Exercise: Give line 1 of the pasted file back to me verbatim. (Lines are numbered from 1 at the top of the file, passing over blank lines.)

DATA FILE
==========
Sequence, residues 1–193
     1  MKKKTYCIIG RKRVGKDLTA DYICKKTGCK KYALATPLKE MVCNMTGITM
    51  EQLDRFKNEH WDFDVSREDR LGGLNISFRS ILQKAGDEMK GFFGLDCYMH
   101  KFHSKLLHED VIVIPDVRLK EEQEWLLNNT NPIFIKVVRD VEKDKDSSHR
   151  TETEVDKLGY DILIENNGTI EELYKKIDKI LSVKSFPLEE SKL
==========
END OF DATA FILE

Sequence, residues 1–193